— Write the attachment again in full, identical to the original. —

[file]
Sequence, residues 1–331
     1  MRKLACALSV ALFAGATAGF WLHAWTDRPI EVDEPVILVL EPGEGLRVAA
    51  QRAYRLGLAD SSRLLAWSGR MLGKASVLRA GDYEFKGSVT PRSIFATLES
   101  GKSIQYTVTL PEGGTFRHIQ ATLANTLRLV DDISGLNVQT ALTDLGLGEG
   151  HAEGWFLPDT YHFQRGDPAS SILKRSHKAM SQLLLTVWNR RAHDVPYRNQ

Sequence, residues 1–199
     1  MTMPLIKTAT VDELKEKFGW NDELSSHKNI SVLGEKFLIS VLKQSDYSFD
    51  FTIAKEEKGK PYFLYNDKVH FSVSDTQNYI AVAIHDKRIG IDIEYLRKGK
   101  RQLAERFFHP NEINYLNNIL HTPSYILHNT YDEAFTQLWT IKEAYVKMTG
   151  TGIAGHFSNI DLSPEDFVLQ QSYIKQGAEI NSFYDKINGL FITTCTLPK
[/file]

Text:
Sequence, residues 1–331
     1  MRKLACALSV ALFAGATAGF WLHAWTDRPI EVDEPVILVL EPGEGLRVAA
    51  QRAYRLGLAD SSRLLAWSGR MLGKASVLRA GDYEFKGSVT PRSIFATLES
   101  GKSIQYTVTL PEGGTFRHIQ ATLANTLRLV DDISGLNVQT ALTDLGLGEG
   151  HAEGWFLPDT YHFQRGDPAS SILKRSHKAM SQLLLTVWNR RAHDVPYRNQ

Sequence, residues 1–199
     1  MTMPLIKTAT VDELKEKFGW NDELSSHKNI SVLGEKFLIS VLKQSDYSFD
    51  FTIAKEEKGK PYFLYNDKVH FSVSDTQNYI AVAIHDKRIG IDIEYLRKGK
   101  RQLAERFFHP NEINYLNNIL HTPSYILHNT YDEAFTQLWT IKEAYVKMTG
   151  TGIAGHFSNI DLSPEDFVLQ QSYIKQGAEI NSFYDKINGL FITTCTLPK